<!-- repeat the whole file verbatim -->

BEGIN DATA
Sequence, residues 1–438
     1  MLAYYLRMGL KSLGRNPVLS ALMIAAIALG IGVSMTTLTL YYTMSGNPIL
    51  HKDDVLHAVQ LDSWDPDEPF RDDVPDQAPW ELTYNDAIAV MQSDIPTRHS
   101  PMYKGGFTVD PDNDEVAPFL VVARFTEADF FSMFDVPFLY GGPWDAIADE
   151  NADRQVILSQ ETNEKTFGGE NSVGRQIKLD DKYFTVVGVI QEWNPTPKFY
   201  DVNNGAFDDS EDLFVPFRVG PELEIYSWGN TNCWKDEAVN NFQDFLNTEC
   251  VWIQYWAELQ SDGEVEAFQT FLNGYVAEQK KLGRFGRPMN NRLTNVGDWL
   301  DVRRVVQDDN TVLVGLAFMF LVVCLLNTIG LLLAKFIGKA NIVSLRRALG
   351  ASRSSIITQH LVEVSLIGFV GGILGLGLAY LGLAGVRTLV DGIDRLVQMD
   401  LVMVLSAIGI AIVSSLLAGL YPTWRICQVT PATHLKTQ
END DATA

Sequence, residues 1–438
     1  MLAYYLRMGL KSLGRNPVLS ALMIAAIALG IGVSMTTLTL YYTMSGNPIL
    51  HKDDVLHAVQ LDSWDPDEPF RDDVPDQAPW ELTYNDAIAV MQSDIPTRHS
   101  PMYKGGFTVD PDNDEVAPFL VVARFTEADF FSMFDVPFLY GGPWDAIADE
   151  NADRQVILSQ ETNEKTFGGE NSVGRQIKLD DKYFTVVGVI QEWNPTPKFY
   201  DVNNGAFDDS EDLFVPFRVG PELEIYSWGN TNCWKDEAVN NFQDFLNTEC
   251  VWIQYWAELQ SDGEVEAFQT FLNGYVAEQK KLGRFGRPMN NRLTNVGDWL
   301  DVRRVVQDDN TVLVGLAFMF LVVCLLNTIG LLLAKFIGKA NIVSLRRALG
   351  ASRSSIITQH LVEVSLIGFV GGILGLGLAY LGLAGVRTLV DGIDRLVQMD
   401  LVMVLSAIGI AIVSSLLAGL YPTWRICQVT PATHLKTQ